What's the Oldest Creature in Washington?

"Top Line" gets an up-close look at the Smithsonian's 66-million-year-old Tyrannosaurus Rex.
4:26 | 09/05/14

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Transcript for What's the Oldest Creature in Washington?
Hello and welcome -- top line I'm Olivier knocks from Yahoo! News and I'm Rick Klein and ABC news and we are joined today by doctor Matthew Carano who's the curator of dinosaur act at. At the Smithsonian's natural history museum Matt thanks a lot. Welcome we cannot cover an awful lot of fossilized dinosaurs that they don't usually come in a bunch of crates stance T Rex and US Army Corps of Engineers. What are you working on in here. Well we're working on his the Smithsonian's first nearly complete trying to search Rex skeleton comes to us from Montana and it's going on display and 2019. What took so long I -- will be surprised especially if they'd seen T -- is that he's used before to know that the Smithsonian hasn't had passed its cigarettes a little while and we have. Less complete specimens that your -- in the collection but nothing really worth. Showing off -- really only a handful of specimens today now we know of -- 20/20 five specimens but it's taken us a hundred years to get that -- Does this T -- have a name and what. Part of it are we looking at. We haven't really given it a name other than the nation's T Rex. What we're looking at that was part of the skull and just a small part of the skull this is the left side of the animal and this would be. The eye socket. So the animals I would fit neatly into this little circle the snout of the animal would go off -- that correction the back of the head in this direction and all told there would be about four feet long. And these are fragments that are pasted together -- the other someone. Yes to these individual bones didn't. Rock completely and -- fossilized. We're able now to reattach them. At the lines that they originally joined you can see of course -- -- little bits of repair work but direction really complete and well preserved specimens what's missing. In this animal we're actually missing kind of a random assortment of -- so we have almost every -- in the skull but we don't always have both the left and the right side that. And likewise we have some of the -- on one side might be missing but we have them on the other -- actually know what the whole animal looks like -- here and there were missing -- -- to. So what's the process how to these crates that looked like something a raiders lost -- become. The actual T Rex that they'll be on display in a few years -- what's happened. -- now -- visitors can watch us unpack conserve the bones that make sure there really -- condition that they can be put on display. And then they're going to be taken to a facility in Canada where a company is gonna construct a metal arm richer. That are -- is gonna be solid enough and specific enough that each individual -- can be put on it but removed if we need to do any sort of studies or repair work. Once that's done in a couple years. All of that comes back and reconstructed in the exhibit hall what was it like when it was a lot snout to the -- of the -- what -- kind of creature we're talking. Well this particular individual T Rex was -- eighteen or nineteen years old when it died which would have been nearly fully grown but not quite fully grown. We don't know who was a male or female. But it would have been about 4042 feet long maybe sixteen feet tall. Would have had about a four foot long head. Those classic tiny little for arms but it would have did a pretty formidable animal. What can you learn by by analyzing the -- the fossilized bones themselves what kind of knowledge do you draw from looking at analyzing the individual. Pieces simply looking at that shapes the size is all the details you can actually see hear all these little lines represented blood vessels that -- allow. Run along the surface of this -- so we custody the anatomy just incredible detail. We can also take samples from inside the bone. Instead -- microscopically and that's how we learn about how old that is we can try to see whether we -- of male or female. On things about its growth rate and metabolism all that's locked inside the -- where do you come down on the rampaging. Predator hunting it's pray vs. Media more stabbing -- type creature when it comes to -- -- large predators. Don't pass up opportunities for dinner. So they attack animals that they can catch and kill and they eat dead animals when they find them so I don't think this animal this T -- have been any different from the ones we see today. All right doctor thank you very much your timing for this visit. Thank you. That's all the time we have this week for top line for Yahoo! News -- Olivier Knox and for ABC news on Rick -- you watched all week long on news dot Yahoo.com and abcnews.com. And has -- -- on us next time.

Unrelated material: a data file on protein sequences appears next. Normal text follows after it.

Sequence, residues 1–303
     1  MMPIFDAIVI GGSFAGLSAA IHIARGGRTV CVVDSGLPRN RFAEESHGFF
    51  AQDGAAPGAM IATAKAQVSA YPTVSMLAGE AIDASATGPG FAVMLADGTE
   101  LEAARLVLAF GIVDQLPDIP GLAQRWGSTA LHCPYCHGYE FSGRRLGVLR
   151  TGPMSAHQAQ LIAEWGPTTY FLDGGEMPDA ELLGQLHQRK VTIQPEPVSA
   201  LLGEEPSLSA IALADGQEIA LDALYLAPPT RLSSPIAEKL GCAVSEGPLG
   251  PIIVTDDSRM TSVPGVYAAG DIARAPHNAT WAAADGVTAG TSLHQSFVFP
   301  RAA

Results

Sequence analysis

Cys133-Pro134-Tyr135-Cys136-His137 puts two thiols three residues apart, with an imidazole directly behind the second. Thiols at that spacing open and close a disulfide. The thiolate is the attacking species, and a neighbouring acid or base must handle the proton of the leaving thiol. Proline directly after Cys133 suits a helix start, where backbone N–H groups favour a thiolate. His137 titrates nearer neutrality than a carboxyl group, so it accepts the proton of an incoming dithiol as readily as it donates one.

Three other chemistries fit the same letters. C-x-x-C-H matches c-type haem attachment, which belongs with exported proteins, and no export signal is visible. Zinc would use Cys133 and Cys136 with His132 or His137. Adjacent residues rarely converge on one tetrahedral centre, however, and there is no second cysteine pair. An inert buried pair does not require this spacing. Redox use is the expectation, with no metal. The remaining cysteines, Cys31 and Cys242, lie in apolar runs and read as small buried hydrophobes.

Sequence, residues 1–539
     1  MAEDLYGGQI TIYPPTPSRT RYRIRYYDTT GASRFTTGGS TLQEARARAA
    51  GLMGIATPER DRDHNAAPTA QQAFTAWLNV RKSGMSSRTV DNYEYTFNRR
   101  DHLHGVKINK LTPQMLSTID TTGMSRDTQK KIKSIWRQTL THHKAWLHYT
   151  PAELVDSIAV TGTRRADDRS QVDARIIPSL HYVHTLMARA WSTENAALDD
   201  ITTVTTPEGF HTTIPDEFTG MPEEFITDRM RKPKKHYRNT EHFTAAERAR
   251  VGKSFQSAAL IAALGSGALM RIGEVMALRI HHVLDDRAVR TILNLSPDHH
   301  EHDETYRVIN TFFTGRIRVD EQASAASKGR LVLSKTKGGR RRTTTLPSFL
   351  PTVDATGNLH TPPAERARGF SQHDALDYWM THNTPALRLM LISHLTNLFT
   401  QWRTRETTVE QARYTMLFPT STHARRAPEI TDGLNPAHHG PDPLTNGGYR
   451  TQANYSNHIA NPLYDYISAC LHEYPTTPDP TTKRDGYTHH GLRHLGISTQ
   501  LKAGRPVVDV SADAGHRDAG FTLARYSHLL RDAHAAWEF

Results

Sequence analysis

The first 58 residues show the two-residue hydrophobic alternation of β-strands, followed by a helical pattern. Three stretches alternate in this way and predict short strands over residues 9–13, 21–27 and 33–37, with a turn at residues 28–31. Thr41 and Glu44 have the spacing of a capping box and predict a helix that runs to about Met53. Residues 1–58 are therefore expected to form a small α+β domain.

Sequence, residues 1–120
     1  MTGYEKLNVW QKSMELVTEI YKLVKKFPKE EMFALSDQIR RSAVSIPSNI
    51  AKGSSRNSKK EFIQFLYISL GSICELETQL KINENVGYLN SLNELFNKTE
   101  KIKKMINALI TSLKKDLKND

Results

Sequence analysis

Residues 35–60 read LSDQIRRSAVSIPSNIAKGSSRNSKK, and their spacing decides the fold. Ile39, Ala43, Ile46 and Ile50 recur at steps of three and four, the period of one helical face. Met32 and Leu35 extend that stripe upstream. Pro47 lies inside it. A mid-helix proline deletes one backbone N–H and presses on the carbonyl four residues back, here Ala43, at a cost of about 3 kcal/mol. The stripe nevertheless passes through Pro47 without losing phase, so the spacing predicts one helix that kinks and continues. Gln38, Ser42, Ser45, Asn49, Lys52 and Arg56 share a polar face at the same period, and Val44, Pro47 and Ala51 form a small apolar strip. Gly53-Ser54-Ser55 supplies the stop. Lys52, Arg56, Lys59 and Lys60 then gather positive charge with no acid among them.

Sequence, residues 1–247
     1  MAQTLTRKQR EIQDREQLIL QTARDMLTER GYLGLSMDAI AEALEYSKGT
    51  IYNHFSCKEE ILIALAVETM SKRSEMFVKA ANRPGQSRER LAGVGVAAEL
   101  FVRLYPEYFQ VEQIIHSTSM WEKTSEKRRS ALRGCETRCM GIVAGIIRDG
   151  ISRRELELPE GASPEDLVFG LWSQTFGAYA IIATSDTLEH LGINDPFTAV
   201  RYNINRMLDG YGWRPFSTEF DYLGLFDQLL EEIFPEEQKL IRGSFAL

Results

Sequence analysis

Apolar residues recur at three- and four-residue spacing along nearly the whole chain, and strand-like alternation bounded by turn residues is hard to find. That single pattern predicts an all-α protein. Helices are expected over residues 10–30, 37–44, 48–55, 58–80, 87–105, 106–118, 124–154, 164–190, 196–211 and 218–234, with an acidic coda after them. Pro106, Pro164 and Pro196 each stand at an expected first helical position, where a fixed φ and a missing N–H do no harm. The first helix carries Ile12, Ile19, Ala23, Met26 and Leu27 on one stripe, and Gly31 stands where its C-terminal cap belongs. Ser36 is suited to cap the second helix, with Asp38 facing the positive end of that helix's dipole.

This transcript has been automatically generated and may not be 100% accurate.

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